statutory provisions. First, the provision expressly permits 
censure as a sanction. Second, the provision permits the 
imposition of a monetary penalty as a sanction. If the 
representative is acting on behalf of an employer or other 
entity, the Secretary may impose a monetary penalty on the 
employer or other entity if it knew, or reasonably should have 
known, ofthe conduct. This monetary penalty on the employer or 
other entity may be imposed in addition to any monetary penalty imposed 
directly on the representative. These monetary penalties are not to 
exceed the gross income derived (or to be derived) from the conduct 
giving rise to the penalty. These monetary penalties may be in addition 
to, or in lieu of, any suspension, disbarment, or censure.
    The provision also confirms the present-law authority of 
the Secretary to impose standards applicable to written advice 
with respect to an entity, plan, or arrangement that is of a 
type that the Secretary determines as having a potential for 
tax avoidance or evasion.

                             EFFECTIVE DATE

    The modifications to expand the sanctions that the 
Secretary may impose are effective for actions taken after the 
date of enactment.

10. Penalty on promoters of tax shelters (Sec. 611 of the bill and sec. 
        6700 of the Code)

                              PRESENT LAW

    A penalty is imposed on any person who organizes, assists 
in the organization of, or participates in the sale of any 
interest in, a partnership or other entity, any investment plan 
or arrangement, or any other plan or arrangement, if in 
connection with such activity the person makes or furnishes a 
qualifying false or fraudulent statement or a gross valuation 
overstatement.197 A qualified false or fraudulent 
statement is any statement with respect to the allowability of 
any deduction or credit, the excludability of any income, or 
the securing of any other tax benefit by reason of holding an 
interest in the entity or participating in the plan or 
arrangement which the person knows or has reason to know is 
false or fraudulent as to any material matter. A ``gross 
valuation overstatement'' means any statement as to the value 
of any property or services if the stated value exceeds 200 
percent of the correct valuation, and the value is directly 
related to the amount of any allowable income tax deduction or 
credit.
---------------------------------------------------------------------------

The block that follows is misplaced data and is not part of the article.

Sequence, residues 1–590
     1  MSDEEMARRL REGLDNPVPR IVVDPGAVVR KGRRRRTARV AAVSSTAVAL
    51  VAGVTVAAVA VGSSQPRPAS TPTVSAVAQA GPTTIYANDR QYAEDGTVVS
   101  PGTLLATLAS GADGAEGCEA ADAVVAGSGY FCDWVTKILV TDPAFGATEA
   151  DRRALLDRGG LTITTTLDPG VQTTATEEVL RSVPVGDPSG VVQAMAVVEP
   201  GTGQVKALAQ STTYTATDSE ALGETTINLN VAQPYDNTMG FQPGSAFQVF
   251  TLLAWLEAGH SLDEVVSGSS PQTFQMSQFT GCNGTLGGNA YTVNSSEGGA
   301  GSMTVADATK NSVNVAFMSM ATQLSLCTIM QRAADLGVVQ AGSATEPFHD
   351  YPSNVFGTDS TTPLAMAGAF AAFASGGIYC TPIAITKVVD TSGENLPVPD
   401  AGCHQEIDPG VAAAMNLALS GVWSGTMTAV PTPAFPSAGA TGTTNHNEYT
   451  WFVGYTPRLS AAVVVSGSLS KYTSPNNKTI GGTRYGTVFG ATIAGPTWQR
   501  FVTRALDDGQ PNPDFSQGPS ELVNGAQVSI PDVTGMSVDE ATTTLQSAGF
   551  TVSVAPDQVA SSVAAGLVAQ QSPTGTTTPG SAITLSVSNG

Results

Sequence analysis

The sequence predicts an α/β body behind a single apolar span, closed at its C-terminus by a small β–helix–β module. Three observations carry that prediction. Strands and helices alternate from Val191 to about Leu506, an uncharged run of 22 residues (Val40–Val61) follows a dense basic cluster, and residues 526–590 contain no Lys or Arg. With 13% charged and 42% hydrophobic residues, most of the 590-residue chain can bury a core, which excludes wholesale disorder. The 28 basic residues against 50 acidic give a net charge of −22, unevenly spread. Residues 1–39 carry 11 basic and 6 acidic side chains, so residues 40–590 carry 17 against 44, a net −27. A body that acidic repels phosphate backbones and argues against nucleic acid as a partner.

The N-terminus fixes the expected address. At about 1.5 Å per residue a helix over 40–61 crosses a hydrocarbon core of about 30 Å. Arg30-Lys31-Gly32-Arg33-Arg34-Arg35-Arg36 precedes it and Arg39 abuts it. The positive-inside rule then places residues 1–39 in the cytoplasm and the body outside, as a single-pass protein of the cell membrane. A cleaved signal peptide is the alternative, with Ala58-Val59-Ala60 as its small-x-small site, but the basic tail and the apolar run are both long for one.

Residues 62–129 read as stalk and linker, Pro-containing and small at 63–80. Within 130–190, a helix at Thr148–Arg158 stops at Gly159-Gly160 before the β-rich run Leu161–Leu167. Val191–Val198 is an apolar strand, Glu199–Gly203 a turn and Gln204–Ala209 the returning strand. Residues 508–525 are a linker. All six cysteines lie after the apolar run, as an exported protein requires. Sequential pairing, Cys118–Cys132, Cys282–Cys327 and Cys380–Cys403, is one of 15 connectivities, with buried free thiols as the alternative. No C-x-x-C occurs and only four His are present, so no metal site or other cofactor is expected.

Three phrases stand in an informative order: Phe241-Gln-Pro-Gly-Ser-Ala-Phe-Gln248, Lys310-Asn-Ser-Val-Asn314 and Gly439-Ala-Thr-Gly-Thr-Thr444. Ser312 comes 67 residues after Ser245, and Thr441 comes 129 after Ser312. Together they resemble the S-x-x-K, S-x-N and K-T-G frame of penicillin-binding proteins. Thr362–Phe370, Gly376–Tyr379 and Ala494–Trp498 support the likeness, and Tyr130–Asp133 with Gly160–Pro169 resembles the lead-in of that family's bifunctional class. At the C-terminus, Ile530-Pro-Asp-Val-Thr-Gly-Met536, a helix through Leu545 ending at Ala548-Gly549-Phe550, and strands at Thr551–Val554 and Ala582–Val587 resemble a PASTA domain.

\197\ Sec. 6700.
---------------------------------------------------------------------------
    The amount of the penalty is $1,000 (or, if the person 
establishes that it is less, 100 percent of the gross income 
derived or to be derived by the person from such activity). A 
penalty attributable to a gross valuation misstatement can be 
waived on a showing that there was a reasonable basis for the 
valuation and it was made in good faith.

                           REASONS FOR CHANGE

    The Committee believes that the present-law penalty rate is 
insufficient to deter the type of conduct that gives rise to 
the penalty.

                        EXPLANATION OF PROVISION

    The provision modifies the penalty amount to equal 50 
percent of the gross income derived by the person from the 
activity for which the penalty is imposed. The new penalty rate 
applies to any activity that involves a statement regarding the 
tax benefits of participating in a plan or arrangement if the 
person knows or has reason to know that such statement is false 
or fraudulent as to any material matter. The enhanced penalty 
does not apply to a gross valuation overstatement.

                             EFFECTIVE DATE

    The provision is effective for activities after the date of 
enactment.

11. Statute of limitations for taxable years for which required listed 
        transactions not disclosed (Sec. 612 of the bill and sec. 6501 
        of the Code)

                              PRESENT LAW

    In general, the Code requires that taxes be assessed within 
three years 198 after the date a return is 
filed.199 If there has been a substantial omission 
of items of gross income that totals more than 25 percent of 
the amount of gross income shown on the return, the period 
during which an assessment must be made is extended to six